As Cole Porter famously said, “All the world loves a clown.” The same is true of a great comedian. Because who doesn’t feel uplifted after a night at a comedy club where you laugh until it hurts? But for those who chuckled along to the rants of Don Rickles or the goofball routines perfected by Steve Martin, stand-up comedy today may be something of a letdown. Sure, some older folks appreciate edgy humor à la Amy Schumer and Dave Chappelle, but many like a cleaner, more lighthearted approach. The latter is the audience that Bonnie Barchichat and her roster of older comics cater to with the Senior Comedy Afternoons program, which has been bringing laughs throughout Southern California, in cities such as San Juan Capistrano, Hermosa Beach and Long Beach.
Based in Redondo Beach, the program was the comic genius of Barchichat, who took her mother, Yetta Schachter, then 89, to a show at the Improv, thinking she would love it because she had a great sense of humor, was mentally sharp and always appreciated a good joke. The result was the opposite. As Barchichat recalls, “She hated it. She thought the comedian was crude, she couldn’t relate to his humor, and the show was too late at night.”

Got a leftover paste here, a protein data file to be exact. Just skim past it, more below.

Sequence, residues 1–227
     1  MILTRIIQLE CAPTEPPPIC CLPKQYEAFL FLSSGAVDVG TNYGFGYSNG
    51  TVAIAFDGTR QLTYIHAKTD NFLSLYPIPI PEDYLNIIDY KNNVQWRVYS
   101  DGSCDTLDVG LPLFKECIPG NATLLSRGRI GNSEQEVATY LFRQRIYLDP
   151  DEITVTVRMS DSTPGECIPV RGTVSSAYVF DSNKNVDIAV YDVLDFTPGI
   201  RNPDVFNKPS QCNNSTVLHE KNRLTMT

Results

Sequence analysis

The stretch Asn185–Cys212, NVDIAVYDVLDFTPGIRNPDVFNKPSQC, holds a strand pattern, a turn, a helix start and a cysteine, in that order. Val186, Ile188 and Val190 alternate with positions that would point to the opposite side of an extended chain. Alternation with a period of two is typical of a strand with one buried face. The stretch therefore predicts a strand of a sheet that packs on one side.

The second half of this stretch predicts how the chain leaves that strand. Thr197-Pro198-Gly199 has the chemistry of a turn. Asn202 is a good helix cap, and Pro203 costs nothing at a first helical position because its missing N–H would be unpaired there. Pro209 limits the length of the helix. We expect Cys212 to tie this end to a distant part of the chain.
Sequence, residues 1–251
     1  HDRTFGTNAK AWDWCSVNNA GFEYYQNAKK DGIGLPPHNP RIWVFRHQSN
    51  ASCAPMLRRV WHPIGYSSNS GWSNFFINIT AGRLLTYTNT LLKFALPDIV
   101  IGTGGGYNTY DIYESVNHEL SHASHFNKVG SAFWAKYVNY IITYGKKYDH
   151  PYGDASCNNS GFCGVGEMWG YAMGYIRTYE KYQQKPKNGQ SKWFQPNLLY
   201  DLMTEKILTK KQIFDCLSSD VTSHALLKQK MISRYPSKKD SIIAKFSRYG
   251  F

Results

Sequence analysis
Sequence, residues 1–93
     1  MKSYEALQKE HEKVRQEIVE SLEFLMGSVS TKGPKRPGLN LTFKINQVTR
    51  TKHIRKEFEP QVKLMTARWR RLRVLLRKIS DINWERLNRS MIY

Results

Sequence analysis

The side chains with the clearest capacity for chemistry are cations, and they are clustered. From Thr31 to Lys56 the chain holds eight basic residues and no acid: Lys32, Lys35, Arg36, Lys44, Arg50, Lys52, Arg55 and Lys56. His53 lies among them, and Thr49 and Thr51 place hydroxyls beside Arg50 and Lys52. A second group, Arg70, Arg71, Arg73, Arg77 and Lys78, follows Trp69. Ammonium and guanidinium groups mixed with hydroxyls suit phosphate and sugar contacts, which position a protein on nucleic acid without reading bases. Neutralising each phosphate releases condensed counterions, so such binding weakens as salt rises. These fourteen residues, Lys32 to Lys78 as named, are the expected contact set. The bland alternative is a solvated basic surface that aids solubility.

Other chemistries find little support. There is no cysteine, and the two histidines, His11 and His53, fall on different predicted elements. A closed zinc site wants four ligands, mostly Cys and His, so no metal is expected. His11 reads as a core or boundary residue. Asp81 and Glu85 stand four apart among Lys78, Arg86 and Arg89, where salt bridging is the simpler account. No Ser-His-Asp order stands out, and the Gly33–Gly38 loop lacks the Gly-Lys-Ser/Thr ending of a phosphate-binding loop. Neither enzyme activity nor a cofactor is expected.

She realized that her mom and others her age belonged to a niche that was being ignored — those who wanted to see comedy but of the kind they could relate to and with inoffensive language. “I thought about this incident,” she says, “and that was the motivation that got me thinking about how the humor has to be skewed to the audience.” So, using her decades of marketing experience, Barchichat decided to fill this void on the comedy club circuit. She met with an Improv club manager in Brea, Calif., and convinced him that older people make up a large segment of the population who appreciate comedy and that she could bring them in to his club to see talented comics their own age riff on topics they care about.
Barchichat held her first Improv show at Christmastime in 2010 and continued with other afternoon shows at different Improv locations. She has long since moved the program to different venues (country clubs, restaurants with ballrooms and community theaters), ones that don’t mind afternoon performances or audiences who are more likely to order soft drinks than hard liquor.
The comics, whom she finds through auditions, YouTube videos of stand-up routines and recommendations from other performers, range in age from their 60s to their 90s and consistently fill the house and bring it down with age- and language-appropriate humor. Among the subjects that make for rich material are medical problems, grandchildren, memory issues, and being single and older.
Some of Barchichat’s comics come with impressive entertainment backgrounds. “I’ve had guys who’ve been on the Johnny Carson show; I’ve had a writer for Conan O’Brien’s show,” she notes. “One woman was on Seinfeld and had a one-woman show. One was on Broadway last year.”